And that’s how I feel about this text, that the difference between comparing the woman and her daughter to dogs in an analogy and calling her and her daughter the b-word is a distinction without a difference. Now I understand that not everyone experiences this passage that way. And I’m not claiming that this is the only way to hear this Gospel. I’m sharing with you how I hear it because the principles of womanist preaching include affirming the dignity of black women as legitimate interpreters of the Scriptures whether or not our interpretations converge with those of the dominant culture, because our interpretations are God-breathed and revelatory, Gospel to more than folk who look and think like us.
It’s alright if you have your own way of understanding this text. But I ask you to proclaim this Gospel in such a way that it doesn’t take lightly how deeply entrenched gender bias is in the world of the Scriptures, the Scriptures themselves and our world, that you don’t dismiss the concerns of girls and women who feel marginalized by the Church and even by the Scriptures and that you don’t empower people who call women outside of our names.
The church has taught that Jesus was fully human and fully divine, taught and fought, killed and died over that notion and it’s implications. But most of us are not ready for Jesus who was quite that human. Who you calling a b—-? A fully human Jesus is a product of his culture. Perhaps he was influenced by his own scriptures, Sirach who shared the same Jesus says in 26:25: A headstrong woman is regarded as a dog, but one who has a sense of shame will fear the Lord. The Anchor Bible Commentary (Skehan and Di Lella) has, The unruly [woman] will be thought of as a bitch… Even Jesus is affected by the androcentrism and ethnocentrism that characterize his people and their time. As am I.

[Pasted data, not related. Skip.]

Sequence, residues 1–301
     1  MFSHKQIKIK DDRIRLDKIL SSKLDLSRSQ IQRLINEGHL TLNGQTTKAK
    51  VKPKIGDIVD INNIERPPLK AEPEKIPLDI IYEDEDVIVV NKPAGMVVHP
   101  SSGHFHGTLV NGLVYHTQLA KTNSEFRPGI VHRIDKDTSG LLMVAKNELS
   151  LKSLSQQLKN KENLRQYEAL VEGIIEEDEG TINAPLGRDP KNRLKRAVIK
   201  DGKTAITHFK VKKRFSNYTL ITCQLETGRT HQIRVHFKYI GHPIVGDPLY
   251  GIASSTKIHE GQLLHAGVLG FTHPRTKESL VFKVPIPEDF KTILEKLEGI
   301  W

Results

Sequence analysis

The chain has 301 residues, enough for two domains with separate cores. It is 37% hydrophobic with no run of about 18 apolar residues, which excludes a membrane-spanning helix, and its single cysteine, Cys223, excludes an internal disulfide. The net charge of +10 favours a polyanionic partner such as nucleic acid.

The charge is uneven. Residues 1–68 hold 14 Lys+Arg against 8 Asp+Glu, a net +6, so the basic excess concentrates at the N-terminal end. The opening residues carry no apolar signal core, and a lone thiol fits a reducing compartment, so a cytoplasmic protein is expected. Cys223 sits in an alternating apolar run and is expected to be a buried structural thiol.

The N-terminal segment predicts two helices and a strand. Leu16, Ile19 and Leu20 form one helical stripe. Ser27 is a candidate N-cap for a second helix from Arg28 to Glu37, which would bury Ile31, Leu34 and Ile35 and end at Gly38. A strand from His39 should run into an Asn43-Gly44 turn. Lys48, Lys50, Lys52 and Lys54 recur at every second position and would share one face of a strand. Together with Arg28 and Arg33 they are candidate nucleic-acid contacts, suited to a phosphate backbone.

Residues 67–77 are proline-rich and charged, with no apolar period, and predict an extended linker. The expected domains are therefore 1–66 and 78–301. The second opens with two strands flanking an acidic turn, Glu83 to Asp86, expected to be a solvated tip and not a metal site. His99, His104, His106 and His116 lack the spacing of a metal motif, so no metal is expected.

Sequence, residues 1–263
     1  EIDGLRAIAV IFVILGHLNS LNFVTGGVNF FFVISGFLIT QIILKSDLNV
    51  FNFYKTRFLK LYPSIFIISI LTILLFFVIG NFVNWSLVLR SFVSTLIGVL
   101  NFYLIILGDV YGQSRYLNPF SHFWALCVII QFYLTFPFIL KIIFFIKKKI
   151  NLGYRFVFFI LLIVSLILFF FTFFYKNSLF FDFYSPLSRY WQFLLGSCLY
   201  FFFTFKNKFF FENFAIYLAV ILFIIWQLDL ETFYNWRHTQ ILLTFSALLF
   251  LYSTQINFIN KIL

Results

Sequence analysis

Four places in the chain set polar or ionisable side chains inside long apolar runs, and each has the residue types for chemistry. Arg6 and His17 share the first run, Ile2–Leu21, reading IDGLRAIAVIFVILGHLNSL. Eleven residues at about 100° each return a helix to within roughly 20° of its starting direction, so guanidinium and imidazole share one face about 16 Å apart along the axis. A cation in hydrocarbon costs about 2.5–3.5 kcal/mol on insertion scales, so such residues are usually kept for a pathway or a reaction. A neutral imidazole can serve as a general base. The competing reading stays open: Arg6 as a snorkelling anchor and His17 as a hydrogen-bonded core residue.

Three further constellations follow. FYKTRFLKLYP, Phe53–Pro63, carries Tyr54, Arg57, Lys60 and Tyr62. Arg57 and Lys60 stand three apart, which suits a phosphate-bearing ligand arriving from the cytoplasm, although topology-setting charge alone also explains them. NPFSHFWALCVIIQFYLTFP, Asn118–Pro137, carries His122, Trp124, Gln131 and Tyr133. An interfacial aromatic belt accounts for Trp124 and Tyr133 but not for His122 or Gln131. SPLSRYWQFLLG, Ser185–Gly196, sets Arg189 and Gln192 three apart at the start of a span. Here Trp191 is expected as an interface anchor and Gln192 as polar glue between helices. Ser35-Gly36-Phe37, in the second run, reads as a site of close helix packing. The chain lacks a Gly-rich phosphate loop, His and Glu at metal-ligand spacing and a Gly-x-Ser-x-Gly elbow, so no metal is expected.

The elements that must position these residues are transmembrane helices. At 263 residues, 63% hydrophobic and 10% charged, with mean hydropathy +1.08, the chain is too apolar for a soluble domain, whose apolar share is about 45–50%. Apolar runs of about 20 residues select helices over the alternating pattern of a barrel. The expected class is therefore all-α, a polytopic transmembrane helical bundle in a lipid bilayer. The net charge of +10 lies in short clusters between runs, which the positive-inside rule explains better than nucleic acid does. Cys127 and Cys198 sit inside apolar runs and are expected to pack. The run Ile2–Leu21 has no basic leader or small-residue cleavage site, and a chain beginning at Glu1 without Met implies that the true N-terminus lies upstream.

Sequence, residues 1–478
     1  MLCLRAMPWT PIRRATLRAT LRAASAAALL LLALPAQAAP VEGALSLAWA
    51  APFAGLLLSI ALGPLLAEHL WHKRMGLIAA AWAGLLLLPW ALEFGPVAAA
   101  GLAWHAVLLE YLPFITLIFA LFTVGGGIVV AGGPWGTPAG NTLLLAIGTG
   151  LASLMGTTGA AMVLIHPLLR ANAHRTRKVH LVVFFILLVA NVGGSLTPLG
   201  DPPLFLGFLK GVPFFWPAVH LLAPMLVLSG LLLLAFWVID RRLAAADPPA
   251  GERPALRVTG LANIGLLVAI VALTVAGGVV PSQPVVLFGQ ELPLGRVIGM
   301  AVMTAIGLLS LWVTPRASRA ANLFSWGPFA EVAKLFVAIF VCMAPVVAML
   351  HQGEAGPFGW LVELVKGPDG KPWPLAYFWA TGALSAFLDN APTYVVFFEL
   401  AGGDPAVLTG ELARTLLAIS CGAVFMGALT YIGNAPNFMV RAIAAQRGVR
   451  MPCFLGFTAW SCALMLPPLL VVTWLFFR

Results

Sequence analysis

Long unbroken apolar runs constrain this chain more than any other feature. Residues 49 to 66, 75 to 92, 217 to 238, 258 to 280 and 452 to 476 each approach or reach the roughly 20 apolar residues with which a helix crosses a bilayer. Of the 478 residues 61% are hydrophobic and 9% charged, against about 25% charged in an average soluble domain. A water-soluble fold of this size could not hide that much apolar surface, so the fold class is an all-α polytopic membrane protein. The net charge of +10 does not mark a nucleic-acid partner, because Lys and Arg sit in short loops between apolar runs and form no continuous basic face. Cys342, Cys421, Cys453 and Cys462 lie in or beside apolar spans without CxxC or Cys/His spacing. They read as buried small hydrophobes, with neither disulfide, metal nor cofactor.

I’m a black woman living in an American context that alternately demonizes and exploits my womanhood. If the Gospel isn’t relevant to my context then it’s not Gospel, good news to me. And I stand with and in the place of all of those girls and women who are called the b-word by men and boys and other girls and women. Who hear the word on television and in the movies and in the music that is marketed to them, to us. I stand with the women and feminine-gender performing folk of various subcultures who use the word affectionately and with those who have redefined it for themselves.
And I’m standing up to Jesus, talking to and about women like me using language like that. Some of you maybe asking, where is the Jesus I know and love? Well, I think I caught a glimpse of him, in the midrashic space between their words. The listening, learning Jesus is the one I know and love. In this story, this nameless woman is also a Christ-figure. She is the one who humbles herself and will endure whatever is dished out to her in order to bring healing and new life. She is the rabbi, who teaches Jesus the value of all human life. She is the prophet who preaches the reign of God for all of God’s children. She is the one who transforms the narrowly ethnocentric Jesus into the savior of the whole world. Apparently even Jesus needed a little help. In becoming her student Jesus becomes our teacher.
As a colleague recently reminded me, this is a passage that will sort out your Christology. How human, how divine is your Jesus? Is he human enough to be bigoted and biased? Or does your preconceived notion of the divinity of Jesus mean that whatever he said was holy, therefore comparing a woman to a female dog isn’t really the same as calling her a b—–, or it’s alright as long as it’s Jesus. How divine is your Jesus? That Jesus listens and responds to the woman, is that an indication of humanity or divinity? Or is it both? I think the humanity and divinity of Jesus are all tangled up in this passage, sometimes thick and sometimes thin, neither distinguishable from the other, impossible to sort out.
In this troubling story, Jesus teaches me the value of listening, the value of hearing, and the value of being able to grow and change your mind. Perhaps Jesus is a process theologian. In either case he models divinity and humanity in a muddy, godly, morass. Jesus is God enough/human enough/man enough to change his mind. And that is Good News.
This Gospel is that God’s concern for the woman-born was manifested in God, Godself, becoming woman-born, for the redemption and liberation of all the woman-born from fear and from death itself. Jesus, the Son of Woman, came to seek out and save the lost and to give his life as a ransom for many. Amen.